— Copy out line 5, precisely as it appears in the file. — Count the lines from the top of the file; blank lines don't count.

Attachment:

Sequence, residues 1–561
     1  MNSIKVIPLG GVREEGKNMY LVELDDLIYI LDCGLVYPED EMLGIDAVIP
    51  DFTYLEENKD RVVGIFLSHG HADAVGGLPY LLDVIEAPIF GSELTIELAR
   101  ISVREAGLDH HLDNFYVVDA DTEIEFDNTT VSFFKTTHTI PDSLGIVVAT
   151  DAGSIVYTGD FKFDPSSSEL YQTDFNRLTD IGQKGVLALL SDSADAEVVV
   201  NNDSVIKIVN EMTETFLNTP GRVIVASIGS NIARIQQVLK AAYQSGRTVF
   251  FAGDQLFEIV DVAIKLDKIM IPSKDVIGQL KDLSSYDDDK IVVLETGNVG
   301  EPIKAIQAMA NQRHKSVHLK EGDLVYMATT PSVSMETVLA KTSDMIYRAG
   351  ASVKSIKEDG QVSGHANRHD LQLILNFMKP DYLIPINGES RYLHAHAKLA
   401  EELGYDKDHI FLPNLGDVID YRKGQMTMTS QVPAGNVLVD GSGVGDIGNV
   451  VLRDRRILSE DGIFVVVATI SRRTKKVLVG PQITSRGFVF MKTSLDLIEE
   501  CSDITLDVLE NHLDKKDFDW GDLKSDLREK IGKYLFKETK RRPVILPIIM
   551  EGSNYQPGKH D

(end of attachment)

   151  DAGSIVYTGD FKFDPSSSEL YQTDFNRLTD IGQKGVLALL SDSADAEVVV